At times, firms might encounter several disadvantages by going public, and potentially choosing alternative strategies. Hence, the primary disadvantage of IPOs is the fact that they are expensive. Moreover, the costs of maintaining a public firm is an ongoing process and are usually unrelated to the other costs of doing business.
Fluctuations in share prices of a firm at times can be a distraction for the management that could be compensated and evaluated based on the stock performance instead of the real financial results. Moreover, since the firm has to disclose financial, accounting, tax, and other business information, during these disclosures, it may have to reveal publicly the secrets and business methods that can help its competitors.
Governance by the board of directors and rigid leadership can also make it harder to retain good managers who are willing to take risks. Staying private is always an option, and instead of going public, firms can also summon bids for a buyout. Additionally, there might be some alternatives that firms may explore.
Several factors affect the return from an IPO that is being watched by investors closely constantly. Sometimes IPOs could be overly-hyped by the investment banks, and this leads to some initial losses. As IPOs get introduced to the public, most of them are known for gaining profits. A few vital considerations for IPO performance are to be considered:
Following numerous IPOs, after observing the charts, one can notice that after a few months, a steep downturn in the stock occurs, and this is due to the expiration of the lock-up period. When a firm goes public, the underwriters create firm insiders like officials and employees, and they are required to sign a lock-up agreement. The legally binding contracts known as lock-up agreements are made and signed between the underwriters and insiders of the firm- it forbids them from selling any shares of stock for a specified period.
The lock-up period ranges from 3 to 24 months, and the minimum period is 90 days as stated under Rule 144 (SEC law). However, the lock-up specified by the underwriters may last much longer. One vital problem occurs when the lock-up period expires- as soon as the period expires, all the insiders are allowed to sell their stock. This results in a rush of individuals trying to sell their stock to discover their profit. Thus, this excess supply at times puts intense downward pressure on the stock price.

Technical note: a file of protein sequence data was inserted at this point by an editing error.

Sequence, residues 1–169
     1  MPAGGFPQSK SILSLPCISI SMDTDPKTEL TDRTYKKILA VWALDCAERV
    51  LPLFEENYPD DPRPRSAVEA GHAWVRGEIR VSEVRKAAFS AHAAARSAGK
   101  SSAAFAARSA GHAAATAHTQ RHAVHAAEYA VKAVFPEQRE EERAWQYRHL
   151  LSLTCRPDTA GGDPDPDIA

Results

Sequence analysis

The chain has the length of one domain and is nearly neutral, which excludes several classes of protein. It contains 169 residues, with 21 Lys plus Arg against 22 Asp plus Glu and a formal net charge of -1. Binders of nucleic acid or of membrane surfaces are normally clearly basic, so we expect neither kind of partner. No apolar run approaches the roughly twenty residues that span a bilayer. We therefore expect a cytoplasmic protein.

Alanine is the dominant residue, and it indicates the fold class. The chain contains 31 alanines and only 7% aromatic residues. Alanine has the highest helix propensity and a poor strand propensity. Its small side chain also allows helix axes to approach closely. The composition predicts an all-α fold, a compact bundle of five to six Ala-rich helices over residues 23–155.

In their offering terms, some investment banks include waiting periods. Waiting periods put aside some shares for purchase after a specific period. Prices of these shares could increase if the allocation is bought by the underwriters and decrease if not bought by them.
The practice of reselling an IPO stock to earn a quick profit in the first few days is known as flipping. Flipping is a common practice that occurs when the stock is discounted and soars on its first day of trading.
Tracking stocks gets created when an existing firm spins off a portion of the business as its standalone entity. The main idea of doing spin-offs and creating tracking stocks is that sometimes, individual divisions of a firm can be more worthly than as a whole. For example, if a division is experiencing higher growth potential, but within an otherwise slowly growing company is having large current losses, it would be wiser to carve it out; keep the parent company as a large shareholder and allow it to raise additional capital from an IPO.
These can be interesting IPO opportunities from an investor’s perspective. This is so because when a spin-off of an existing company occurs, it provides investors with lots of information about the parent firm and its stake in the divesting firm. When more information becomes available for the potential investors it is usually better because then the smart investors are able to find good opportunities. Usually, spin-offs can undergo less initial volatility because investors have more awareness.
IPOs Over the Long-Term
IPOs are well known for having volatile opening day returns, which attract investors seeking to benefit from the discounts involved. Over the long term, prices of IPOs settles into a steady value and later on can be followed by traditional stock price metrics like moving averages. Investors who desire the IPO opportunity but don't wish to take the individual stock risk may glance into managed funds focused on IPO universes.
The late and legendary Benjamin Graham denounced IPOs as being neither for the faint of heart nor the inexperienced. They're meant for the seasoned investors, for those who invest for long periods, those who don't get swayed by fawning news stories and care more about a stock's fundamentals than its public image. Purchasing directly into an IPO can be a difficult process for common investors; but soon after an IPO, as the firm's shares get released for the general public, it gets easy to buy and sell them. Thus, Fintra advises before investing in IPOs, do proper research and once you do that, we are sure to see you becoming a billionaire!